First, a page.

Rep. Glenn 'GT' Thompson, Chairman of the House Agriculture Committee's Subcommittee on Conservation, Energy, and Forestry, held a public hearing to examine the benefits of promoting soil health in agriculture and rural America.
Smith Plans Major Legislative Effort on Public Lands Grazing, Forest Management; Legislation, Product of Numerous Hearings, Consultations, Nearing Introduction
WASHINGTON, D.C. - Oregon Congressman Bob Smith, Chairman of the House Committee on Agriculture, today announced that he will soon introduce legislation to provide greater stability in the grazing of livestock on public lands and to embark on a proactive effort to promote forest health and protect forests from future degradation, two major legislative initiatives with broad implications for the country and the American West.
Smith, who also serves on the House Committee on Resources, will introduce his bills on grazing and forestry within weeks, and hopes to pass them through the relevant House committees and on the House floor before Congress completes its first session in late Autumn.
Reporters and editors interested in public lands grazing and forest management are urged to contact Dave Redmond or David Spooner with the Committee on Agriculture's Communications staff at (202) 225-4050 for further details and to prepare for the bills' introduction.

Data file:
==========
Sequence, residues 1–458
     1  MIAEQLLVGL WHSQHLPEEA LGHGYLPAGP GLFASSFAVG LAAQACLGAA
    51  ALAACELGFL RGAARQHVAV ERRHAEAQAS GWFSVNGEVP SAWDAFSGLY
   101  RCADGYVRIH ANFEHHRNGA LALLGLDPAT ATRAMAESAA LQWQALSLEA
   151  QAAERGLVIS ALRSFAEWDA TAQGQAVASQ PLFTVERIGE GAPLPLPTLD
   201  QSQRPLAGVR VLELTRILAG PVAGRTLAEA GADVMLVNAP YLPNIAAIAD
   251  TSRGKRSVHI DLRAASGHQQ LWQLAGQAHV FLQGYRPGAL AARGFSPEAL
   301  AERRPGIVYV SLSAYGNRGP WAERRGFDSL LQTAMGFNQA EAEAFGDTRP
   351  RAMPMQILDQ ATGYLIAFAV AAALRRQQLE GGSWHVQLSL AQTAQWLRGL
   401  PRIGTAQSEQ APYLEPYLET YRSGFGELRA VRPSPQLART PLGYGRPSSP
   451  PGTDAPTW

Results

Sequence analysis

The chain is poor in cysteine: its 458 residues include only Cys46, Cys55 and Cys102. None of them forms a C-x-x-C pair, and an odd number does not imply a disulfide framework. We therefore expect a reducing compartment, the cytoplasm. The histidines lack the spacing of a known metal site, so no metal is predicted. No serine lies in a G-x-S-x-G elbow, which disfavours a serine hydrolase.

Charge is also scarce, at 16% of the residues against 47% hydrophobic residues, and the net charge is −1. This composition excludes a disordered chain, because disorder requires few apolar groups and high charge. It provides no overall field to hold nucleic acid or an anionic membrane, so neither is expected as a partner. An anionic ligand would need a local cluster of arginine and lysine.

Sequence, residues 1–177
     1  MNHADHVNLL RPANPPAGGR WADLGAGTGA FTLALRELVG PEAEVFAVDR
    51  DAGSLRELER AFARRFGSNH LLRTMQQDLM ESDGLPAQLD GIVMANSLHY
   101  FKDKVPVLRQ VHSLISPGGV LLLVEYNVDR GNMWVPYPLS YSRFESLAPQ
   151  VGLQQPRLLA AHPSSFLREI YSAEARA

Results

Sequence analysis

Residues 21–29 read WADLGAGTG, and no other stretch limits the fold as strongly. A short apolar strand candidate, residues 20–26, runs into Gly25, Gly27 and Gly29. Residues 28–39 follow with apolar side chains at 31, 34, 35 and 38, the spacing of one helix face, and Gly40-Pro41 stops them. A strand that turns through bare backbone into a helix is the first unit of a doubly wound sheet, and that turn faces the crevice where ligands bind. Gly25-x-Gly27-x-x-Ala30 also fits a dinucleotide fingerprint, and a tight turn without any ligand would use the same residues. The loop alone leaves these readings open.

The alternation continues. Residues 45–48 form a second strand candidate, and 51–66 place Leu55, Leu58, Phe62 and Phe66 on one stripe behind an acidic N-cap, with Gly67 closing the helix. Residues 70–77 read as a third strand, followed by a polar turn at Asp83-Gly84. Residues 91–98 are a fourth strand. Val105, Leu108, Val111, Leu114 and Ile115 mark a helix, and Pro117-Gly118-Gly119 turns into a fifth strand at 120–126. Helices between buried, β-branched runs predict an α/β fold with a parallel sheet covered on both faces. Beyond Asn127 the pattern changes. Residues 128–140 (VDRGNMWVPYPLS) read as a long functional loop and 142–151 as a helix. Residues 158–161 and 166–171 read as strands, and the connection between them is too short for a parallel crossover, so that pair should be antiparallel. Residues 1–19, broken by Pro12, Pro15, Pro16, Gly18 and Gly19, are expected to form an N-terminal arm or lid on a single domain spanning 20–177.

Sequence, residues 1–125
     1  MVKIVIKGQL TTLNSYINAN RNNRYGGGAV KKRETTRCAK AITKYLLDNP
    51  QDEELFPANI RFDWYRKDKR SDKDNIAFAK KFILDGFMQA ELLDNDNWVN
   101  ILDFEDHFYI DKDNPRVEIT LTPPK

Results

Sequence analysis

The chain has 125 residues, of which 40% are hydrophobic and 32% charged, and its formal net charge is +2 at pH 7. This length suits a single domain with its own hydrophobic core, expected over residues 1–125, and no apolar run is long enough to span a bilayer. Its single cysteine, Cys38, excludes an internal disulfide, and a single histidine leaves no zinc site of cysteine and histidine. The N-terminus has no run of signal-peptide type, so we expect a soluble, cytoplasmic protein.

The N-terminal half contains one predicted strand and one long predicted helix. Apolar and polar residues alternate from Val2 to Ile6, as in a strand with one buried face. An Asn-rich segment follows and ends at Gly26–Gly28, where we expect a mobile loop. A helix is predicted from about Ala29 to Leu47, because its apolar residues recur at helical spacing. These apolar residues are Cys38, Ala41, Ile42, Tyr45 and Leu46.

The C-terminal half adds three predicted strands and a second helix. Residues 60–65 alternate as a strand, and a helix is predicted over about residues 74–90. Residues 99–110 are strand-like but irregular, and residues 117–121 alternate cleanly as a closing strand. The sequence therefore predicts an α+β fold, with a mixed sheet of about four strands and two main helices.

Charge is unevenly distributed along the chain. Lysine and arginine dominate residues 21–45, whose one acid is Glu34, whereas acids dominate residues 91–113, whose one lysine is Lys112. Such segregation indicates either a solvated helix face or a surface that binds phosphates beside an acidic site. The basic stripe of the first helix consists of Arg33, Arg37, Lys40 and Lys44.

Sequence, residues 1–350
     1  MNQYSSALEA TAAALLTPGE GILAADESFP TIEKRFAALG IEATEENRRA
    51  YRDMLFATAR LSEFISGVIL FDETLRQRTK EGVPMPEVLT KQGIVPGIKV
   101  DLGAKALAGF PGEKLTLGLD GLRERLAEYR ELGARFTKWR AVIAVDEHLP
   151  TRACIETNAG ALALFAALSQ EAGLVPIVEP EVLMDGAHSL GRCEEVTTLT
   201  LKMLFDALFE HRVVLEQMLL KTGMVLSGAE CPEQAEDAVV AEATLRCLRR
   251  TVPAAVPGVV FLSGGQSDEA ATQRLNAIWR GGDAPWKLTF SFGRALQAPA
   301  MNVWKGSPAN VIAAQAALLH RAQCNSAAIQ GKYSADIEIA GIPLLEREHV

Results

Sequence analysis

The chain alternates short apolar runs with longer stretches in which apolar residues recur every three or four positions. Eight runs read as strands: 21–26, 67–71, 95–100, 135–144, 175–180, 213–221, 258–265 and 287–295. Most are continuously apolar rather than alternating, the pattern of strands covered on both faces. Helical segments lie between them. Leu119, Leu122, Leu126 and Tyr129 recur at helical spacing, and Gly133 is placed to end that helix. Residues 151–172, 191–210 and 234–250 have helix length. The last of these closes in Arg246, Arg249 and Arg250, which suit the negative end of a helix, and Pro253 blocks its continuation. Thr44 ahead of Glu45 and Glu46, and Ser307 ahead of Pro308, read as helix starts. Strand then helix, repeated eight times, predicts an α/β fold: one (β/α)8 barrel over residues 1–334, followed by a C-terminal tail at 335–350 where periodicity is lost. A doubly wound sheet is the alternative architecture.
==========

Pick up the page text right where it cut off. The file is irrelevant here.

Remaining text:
"If there's one word that describes the natural resources community, both in the West and throughout the country, it's instability. We can provide greater stability and inject more common sense into the way we manage certain public lands, while protecting and even enhancing the public resources. We have the ability to apply sound scientific principles, to maximize the values for which public lands are managed, and to reduce the inevitable conflicts on those lands. But we have to think and act creatively and proactively. We can no longer be spectators, we can no longer be content to watch," Smith said today.
"Throughout the West, livestock producers are at the administrative whim of bureaucrats who literally hold sway over their lives and livelihoods. It's time to give those producers the ability to tell the banker that they can depend on a grazing permit, that a federal bureaucrat can't jerk the rug out from under him. It's long past time that rural Americans be able to depend on laws, not the judgments and prejudices of bureaucrats, in the management of public lands and their local economies," said Smith, who has consulted with ranchers, environmentalists, and other Members of Congress in drafting The Forage Improvement Act of 1997.
"We know our forests are in a deplorable state and have watched as the Forest Service has been paralyzed by bureaucracy. It's the job of federal agencies to act in times of crisis, not to observe. Throughout our exhaustive hearings on forestry this year, it was clear that we have the scientific know-how to improve forest health and maximize the values we all cherish. The Forest Recovery and Protection Act of 1997 will bring action, sound science, fiscal responsibility, and above all, accountability to the management of our national forests," Smith said.
Smith, who has made forest health a priority for the Agriculture Committee in the 105th Congress, represents Oregon's Second Congressional District - which includes most of eastern, central, and southern Oregon - in the U.S. House of Representatives. The district is home to ten national forests.